|WP: Whitey Ford (2–0) LP: Bob Friend (0–2)|
For the sixth contest in Pittsburgh, the Yankees started Whitey Ford against the Pirates' Bob Friend. And as was the case the last time Ford had toed the rubber for the Yanks in Game 3, his teammates relentlessly mashed the ball, en route to a resounding 12–0 victory.
In the top of the second, the Yankees went to work. After a Yogi Berra walk and a Bill Skowron single, Elston Howard was hit by a pitch to load the bases (Eli Grba ran for him). Ford himself then notched the first RBI of the game, with a ground ball single to his counterpart Friend that scored Berra. The next inning, after a leadoff hit-by-pitch and double, Mantle cracked a two-run single that scored Tony Kubek and Roger Maris. After a Yogi Berra single moved Mantle to third, Pirates skipper Danny Murtaugh removed the clearly ineffective Friend in favour of Tom Cheney. Cheney, however, fared no better, as a Bill Skowron sacrifice fly scored Mantle and after a single, a triple to deep left field by Richardson scored Berra and Johnny Blanchard, making the score 6–0.
The Yankees then ran away with the game, scoring two runs in each of the sixth, seventh, and eighth innings. In the sixth, Clete Boyer hit a leadoff triple off Fred Green and scored on Kubek's single. After another single, Berra's RBI single off Clem Labine made it 8–0 Yankees. Next inning, after a leadoff double by Blanchard, Richardson ripped his second RBI triple of the contest, and Ford added his second RBI courtesy of a fielder's choice on a sacrifice bunt. In the eighth, Berra hit an RBI single with a runner on second, and later scored on Blanchard's double. As in Game 3, Ford was his masterful self, not letting the Pirates mount anything resembling a rally for the full nine innings. His second shutout of the series was a critical one, as it tied the series at three games each.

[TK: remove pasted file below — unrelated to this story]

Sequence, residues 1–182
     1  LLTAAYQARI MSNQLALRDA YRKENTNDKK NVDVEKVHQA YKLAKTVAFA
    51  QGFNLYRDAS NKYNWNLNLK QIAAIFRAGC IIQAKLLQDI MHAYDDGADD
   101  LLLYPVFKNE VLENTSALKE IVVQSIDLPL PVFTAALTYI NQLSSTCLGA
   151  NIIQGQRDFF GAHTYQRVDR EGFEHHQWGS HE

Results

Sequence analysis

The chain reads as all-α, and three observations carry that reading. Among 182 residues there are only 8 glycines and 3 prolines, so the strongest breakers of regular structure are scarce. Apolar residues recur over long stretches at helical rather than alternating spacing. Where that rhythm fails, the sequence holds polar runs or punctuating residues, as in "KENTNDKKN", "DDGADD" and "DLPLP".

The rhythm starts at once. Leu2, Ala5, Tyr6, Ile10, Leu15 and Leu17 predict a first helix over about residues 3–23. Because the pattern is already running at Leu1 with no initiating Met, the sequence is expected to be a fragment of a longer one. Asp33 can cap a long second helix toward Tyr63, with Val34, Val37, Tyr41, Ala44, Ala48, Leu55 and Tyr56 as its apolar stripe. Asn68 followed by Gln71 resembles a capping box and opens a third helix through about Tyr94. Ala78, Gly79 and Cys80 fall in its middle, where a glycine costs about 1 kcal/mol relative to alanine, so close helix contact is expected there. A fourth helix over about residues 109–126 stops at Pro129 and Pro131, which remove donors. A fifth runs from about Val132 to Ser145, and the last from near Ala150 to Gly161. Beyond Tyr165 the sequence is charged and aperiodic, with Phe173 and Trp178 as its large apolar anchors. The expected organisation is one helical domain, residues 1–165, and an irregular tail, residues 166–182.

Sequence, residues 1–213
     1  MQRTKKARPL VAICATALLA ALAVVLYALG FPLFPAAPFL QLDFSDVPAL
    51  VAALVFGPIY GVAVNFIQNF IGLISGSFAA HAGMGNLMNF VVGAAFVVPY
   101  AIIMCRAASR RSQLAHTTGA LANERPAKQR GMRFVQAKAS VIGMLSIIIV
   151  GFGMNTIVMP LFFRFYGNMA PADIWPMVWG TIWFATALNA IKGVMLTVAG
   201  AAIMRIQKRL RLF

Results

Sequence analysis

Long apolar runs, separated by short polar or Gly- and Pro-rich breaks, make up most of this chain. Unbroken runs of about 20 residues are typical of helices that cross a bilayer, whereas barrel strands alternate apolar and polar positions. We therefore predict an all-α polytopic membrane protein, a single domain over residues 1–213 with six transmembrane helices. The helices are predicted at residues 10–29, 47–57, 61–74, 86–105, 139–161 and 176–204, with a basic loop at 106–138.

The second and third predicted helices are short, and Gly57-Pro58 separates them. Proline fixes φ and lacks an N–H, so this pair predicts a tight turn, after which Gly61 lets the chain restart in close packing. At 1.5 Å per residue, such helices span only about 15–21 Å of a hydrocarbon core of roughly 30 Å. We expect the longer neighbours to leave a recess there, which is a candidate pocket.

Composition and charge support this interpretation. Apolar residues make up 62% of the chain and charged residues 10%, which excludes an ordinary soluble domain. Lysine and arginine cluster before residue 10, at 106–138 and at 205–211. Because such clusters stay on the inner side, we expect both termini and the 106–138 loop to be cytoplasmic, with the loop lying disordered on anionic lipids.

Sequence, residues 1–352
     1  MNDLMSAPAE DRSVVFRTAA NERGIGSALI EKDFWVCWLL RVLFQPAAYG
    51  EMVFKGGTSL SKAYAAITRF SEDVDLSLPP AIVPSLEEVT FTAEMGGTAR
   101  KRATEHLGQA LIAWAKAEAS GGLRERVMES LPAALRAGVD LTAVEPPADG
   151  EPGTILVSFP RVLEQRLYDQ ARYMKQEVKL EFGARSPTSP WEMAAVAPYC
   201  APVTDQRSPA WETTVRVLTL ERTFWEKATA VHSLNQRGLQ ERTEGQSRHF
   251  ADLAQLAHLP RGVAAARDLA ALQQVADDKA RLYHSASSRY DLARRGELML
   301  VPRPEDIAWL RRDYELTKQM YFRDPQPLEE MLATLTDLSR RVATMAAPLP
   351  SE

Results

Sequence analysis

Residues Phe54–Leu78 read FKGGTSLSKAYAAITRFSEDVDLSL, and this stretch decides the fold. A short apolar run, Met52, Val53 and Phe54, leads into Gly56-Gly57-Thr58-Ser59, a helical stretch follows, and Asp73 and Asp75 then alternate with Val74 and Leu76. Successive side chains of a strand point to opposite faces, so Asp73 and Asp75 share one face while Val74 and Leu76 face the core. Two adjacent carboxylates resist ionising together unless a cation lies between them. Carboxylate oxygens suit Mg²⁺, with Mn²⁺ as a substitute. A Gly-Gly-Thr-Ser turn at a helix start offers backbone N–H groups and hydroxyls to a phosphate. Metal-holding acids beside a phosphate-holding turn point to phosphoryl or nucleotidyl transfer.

|WP: Harvey Haddix (2–0) LP: Ralph Terry (0–2)|
NYY: Bill Skowron (2), Yogi Berra (1)
PIT: Rocky Nelson (1), Hal Smith (1), Bill Mazeroski (2)
Turley lasted only one inning plus one batter. After retiring the first two batters, Turley walked Bob Skinner, then first baseman Rocky Nelson homered, Pittsburgh's first home run since Bill Mazeroski's in Game One, to give the Pirates a 2–0 lead. Turley was then pulled after giving up a single to Smoky Burgess leading off the second. Don Hoak then drew a base on balls against Bill Stafford, and a bunt single by Mazeroski loaded the bases. Stafford appeared to get the Yankees out of trouble after inducing Law to hit into a double play, pitcher to catcher to first. But leadoff man Bill Virdon's single to right scored both Hoak and Mazeroski and increased the Pirates' lead to 4–0.